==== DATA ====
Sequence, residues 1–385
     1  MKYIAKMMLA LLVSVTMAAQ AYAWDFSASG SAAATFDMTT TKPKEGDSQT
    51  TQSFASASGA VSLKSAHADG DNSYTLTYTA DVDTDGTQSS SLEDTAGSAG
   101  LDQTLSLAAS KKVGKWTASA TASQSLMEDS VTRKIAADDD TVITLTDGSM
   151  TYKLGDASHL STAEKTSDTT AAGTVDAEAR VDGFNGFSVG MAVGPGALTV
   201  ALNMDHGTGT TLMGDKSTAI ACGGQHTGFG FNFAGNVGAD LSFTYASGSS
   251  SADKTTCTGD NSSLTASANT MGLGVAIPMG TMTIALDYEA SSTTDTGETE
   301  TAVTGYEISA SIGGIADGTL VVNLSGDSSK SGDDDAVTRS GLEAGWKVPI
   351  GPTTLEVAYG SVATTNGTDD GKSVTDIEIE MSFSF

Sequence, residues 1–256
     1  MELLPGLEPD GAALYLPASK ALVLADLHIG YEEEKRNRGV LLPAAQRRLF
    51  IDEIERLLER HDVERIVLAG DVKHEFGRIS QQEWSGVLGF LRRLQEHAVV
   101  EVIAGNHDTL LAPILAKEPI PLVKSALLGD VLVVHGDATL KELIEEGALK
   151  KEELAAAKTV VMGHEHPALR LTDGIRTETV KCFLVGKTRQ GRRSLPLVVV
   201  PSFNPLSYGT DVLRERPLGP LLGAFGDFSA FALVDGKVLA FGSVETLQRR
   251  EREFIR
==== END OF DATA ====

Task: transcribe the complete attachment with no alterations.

Sequence, residues 1–385
     1  MKYIAKMMLA LLVSVTMAAQ AYAWDFSASG SAAATFDMTT TKPKEGDSQT
    51  TQSFASASGA VSLKSAHADG DNSYTLTYTA DVDTDGTQSS SLEDTAGSAG
   101  LDQTLSLAAS KKVGKWTASA TASQSLMEDS VTRKIAADDD TVITLTDGSM
   151  TYKLGDASHL STAEKTSDTT AAGTVDAEAR VDGFNGFSVG MAVGPGALTV
   201  ALNMDHGTGT TLMGDKSTAI ACGGQHTGFG FNFAGNVGAD LSFTYASGSS
   251  SADKTTCTGD NSSLTASANT MGLGVAIPMG TMTIALDYEA SSTTDTGETE
   301  TAVTGYEISA SIGGIADGTL VVNLSGDSSK SGDDDAVTRS GLEAGWKVPI
   351  GPTTLEVAYG SVATTNGTDD GKSVTDIEIE MSFSF

Sequence, residues 1–256
     1  MELLPGLEPD GAALYLPASK ALVLADLHIG YEEEKRNRGV LLPAAQRRLF
    51  IDEIERLLER HDVERIVLAG DVKHEFGRIS QQEWSGVLGF LRRLQEHAVV
   101  EVIAGNHDTL LAPILAKEPI PLVKSALLGD VLVVHGDATL KELIEEGALK
   151  KEELAAAKTV VMGHEHPALR LTDGIRTETV KCFLVGKTRQ GRRSLPLVVV
   201  PSFNPLSYGT DVLRERPLGP LLGAFGDFSA FALVDGKVLA FGSVETLQRR
   251  EREFIR